Not surprisingly, it is the Americans who lead the market . To give just two egregious examples, it is difficult not to conclude that Elizabeth Wurtzel, who remorselessly catalogued her drug-addiction in the best-selling book Prozac Nation, and Kathryn Harrison, who did the same in a notorious book about incest, were not doing it primarily to make a name for themselves. While such writers do reveal certain kinds of weakness or malice, it is usually so self-dramatising that it makes them more attractive than real. In this sense, Woody Allen is the perfect emblem of the neurotic artist who engages in excessive self-analysis. For while professing to be honest about his feelings, he manages to display remarkably little self-understanding either in his life or in his work.
None of this is to say that expressing one's emotions in public is necessarily unnatural or undesirable. But what we seem to lack today are the kind of rituals and codes that gave our forbears a structure with which to handle their emotions more discriminatingly. In his classic work Western Attitudes Toward Death: From The Middle Ages to the Present, the social historian Philippe Aries argued that the rituals surrounding death have gradually been eroded and replaced by a tendency in industrial society to hide death, as if it were an embarrassing secret.
The ritual of dying in the past was organised by the dying person himself, who invited his friends and family to the deathbed in order to bid them farewell. In the 19th century, passers-by who met the priest bearing the last sacrament formed a procession and accompanied him to the sickroom. Such an approach, wrote Aries, "in which death was both familiar and near, evoking no great fear or awe, offers a marked contrast to ours, where death is so frightful that we dare not utter its name".
Equally, customs such as wearing mourning clothes were instrumental in signalling to others that a pivotal moment in one's life had taken place. The function of formal customs such as these was not dissimilar to that which persists in Oxford today of wearing gowns for exams. Apart from anything else, they offer those who meet the encumbered a guide as to how to behave without fear of embarrassment. It is the absence of these codes that makes today's funerals a particularly gruesome experience and renders many people unable to shed tears when they would clearly like to do so.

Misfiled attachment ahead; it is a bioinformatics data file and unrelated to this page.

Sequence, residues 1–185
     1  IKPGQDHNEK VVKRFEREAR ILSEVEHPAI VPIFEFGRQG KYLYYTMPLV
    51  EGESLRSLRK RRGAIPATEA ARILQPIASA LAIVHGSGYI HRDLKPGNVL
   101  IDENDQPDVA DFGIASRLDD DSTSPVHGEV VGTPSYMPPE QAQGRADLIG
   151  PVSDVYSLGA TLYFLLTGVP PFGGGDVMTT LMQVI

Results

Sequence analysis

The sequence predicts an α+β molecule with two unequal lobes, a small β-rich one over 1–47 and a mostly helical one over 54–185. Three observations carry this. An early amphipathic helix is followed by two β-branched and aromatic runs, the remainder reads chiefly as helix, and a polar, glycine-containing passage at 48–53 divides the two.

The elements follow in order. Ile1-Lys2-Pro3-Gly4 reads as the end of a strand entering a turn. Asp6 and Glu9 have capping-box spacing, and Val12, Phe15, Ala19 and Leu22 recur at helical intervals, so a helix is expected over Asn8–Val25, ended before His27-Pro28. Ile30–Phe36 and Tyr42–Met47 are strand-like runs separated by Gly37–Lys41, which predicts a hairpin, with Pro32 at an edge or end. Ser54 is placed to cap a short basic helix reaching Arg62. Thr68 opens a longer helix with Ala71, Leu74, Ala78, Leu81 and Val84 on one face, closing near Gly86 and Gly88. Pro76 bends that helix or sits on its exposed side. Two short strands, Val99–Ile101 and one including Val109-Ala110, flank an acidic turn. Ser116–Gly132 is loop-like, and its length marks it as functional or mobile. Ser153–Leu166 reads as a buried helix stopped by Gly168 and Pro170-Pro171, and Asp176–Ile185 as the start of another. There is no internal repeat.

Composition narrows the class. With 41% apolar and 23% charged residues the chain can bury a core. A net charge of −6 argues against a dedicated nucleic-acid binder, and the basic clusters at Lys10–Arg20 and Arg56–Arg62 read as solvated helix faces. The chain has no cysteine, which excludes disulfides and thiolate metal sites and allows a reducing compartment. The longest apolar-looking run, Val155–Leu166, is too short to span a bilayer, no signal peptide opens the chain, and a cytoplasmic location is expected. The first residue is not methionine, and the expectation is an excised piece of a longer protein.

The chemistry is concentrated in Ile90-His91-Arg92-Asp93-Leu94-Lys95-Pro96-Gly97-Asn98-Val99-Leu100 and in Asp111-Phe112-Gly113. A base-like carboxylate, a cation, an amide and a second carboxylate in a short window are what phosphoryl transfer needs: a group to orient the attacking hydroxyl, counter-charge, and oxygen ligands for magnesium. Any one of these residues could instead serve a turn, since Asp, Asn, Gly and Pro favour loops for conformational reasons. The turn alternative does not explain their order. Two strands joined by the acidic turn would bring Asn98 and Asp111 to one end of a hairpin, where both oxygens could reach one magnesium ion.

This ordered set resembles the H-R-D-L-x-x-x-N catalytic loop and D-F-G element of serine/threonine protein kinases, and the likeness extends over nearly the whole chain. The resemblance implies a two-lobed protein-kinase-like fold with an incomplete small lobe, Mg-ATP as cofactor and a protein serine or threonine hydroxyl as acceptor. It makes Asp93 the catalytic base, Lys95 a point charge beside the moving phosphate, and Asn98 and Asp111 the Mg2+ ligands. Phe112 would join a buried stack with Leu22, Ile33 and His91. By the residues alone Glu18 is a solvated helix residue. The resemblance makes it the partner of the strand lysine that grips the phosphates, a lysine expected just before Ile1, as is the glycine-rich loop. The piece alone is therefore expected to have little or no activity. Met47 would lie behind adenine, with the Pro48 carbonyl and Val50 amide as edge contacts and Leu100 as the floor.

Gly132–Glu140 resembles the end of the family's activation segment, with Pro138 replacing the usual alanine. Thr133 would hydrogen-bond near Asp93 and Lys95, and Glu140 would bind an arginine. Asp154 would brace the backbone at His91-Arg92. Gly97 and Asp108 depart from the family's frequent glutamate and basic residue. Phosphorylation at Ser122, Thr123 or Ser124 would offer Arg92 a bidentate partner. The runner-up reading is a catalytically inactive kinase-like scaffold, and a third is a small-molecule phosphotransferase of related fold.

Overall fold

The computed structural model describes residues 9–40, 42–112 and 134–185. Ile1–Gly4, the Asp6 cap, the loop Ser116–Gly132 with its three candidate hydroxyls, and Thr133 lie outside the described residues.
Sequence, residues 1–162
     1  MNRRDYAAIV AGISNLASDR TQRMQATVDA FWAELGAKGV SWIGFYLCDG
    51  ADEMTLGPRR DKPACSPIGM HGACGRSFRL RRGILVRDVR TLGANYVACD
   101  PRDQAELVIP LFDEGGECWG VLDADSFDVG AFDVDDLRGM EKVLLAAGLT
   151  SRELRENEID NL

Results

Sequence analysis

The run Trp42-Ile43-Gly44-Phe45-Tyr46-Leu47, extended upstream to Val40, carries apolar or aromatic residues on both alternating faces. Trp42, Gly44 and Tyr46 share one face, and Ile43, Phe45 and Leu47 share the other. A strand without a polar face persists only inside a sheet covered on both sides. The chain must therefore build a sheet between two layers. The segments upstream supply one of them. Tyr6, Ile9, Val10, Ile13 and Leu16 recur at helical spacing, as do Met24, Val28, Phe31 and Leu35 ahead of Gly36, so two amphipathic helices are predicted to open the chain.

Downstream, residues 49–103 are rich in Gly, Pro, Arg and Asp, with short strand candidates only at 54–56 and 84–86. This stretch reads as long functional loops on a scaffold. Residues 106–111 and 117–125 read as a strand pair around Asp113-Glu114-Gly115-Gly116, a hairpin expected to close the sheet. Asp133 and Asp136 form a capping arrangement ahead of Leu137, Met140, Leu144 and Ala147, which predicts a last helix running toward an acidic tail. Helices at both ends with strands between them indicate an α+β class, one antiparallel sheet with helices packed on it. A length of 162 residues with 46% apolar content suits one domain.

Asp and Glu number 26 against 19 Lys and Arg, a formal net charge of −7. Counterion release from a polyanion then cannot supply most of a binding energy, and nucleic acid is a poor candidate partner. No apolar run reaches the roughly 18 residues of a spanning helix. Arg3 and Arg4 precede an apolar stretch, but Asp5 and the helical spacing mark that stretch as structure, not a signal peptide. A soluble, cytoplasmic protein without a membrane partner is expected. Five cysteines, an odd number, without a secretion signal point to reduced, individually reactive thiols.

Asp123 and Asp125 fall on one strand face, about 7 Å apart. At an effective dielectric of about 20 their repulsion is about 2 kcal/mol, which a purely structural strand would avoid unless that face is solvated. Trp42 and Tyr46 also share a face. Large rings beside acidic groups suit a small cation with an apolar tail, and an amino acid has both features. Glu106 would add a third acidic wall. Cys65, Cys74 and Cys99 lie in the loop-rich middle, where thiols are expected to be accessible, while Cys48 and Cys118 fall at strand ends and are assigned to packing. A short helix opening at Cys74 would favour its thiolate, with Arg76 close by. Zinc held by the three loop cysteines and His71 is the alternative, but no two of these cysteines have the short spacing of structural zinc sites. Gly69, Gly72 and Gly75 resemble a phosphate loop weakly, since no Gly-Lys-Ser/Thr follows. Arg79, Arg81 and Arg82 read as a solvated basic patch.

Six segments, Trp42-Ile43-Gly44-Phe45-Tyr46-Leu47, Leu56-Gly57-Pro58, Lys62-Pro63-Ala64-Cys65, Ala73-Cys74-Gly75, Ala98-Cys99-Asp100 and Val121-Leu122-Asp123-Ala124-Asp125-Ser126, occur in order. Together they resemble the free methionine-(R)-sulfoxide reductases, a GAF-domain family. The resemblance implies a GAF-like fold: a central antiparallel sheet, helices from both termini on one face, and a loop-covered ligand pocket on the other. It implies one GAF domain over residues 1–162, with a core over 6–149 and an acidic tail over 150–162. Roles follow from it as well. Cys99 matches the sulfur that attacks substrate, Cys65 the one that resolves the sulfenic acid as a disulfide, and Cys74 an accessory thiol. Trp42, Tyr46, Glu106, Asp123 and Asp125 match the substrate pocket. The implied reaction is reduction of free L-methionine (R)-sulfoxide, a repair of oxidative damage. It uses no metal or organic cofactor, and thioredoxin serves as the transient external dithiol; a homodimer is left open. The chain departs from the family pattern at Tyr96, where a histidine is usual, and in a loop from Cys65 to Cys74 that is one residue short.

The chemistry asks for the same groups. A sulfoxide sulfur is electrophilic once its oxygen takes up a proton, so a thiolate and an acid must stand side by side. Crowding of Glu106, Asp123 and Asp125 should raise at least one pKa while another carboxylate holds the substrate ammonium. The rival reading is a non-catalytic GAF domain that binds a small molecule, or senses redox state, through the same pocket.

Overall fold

In a sense, one of the reasons why confessional writing has become so popular now is that it acts as a kind of substitute for these rituals. Paradoxically, it leaves many people living out experiences that are at best vicarious. The best recent example of this kind of displaced emotion was in the extraordinary outpouring of grief at Princess Diana's funeral, with its bizarre intimations of Greek tragedy. There the grief that many people expressed was undoubtedly genuine, but often it appeared to be about something far more personal than Diana. Some of those seen crying did indeed confess to not having cried at the death of a close friend or relative.
Yet the greatest argument against the kind of touchy-feely writing with which we have become so familiar in recent years is simply that it often appears to lack any real sincerity. In the 1790s, "Sentimental" novels became unfashionable because their critics complained that there was something false about publicising what was fundamentally a private experience.
Throughout history, reason and emotion have vied for ascendancy in art, and it is often the interplay between them which leads to cathartic masterpieces. But unfortunately, art can never hope to replace life; and life, despite protestations to the contrary, does not usually imitate art.
Perhaps, as communities break down and most of us now live in vast, anonymous cities, there is a greater need than ever for rituals that give our lives meaning and a structure through which to negotiate life's exigencies. Instead, however, in a perverse way, the current fashion for confessionalising may encourage the majority of us to be less open, rather than more.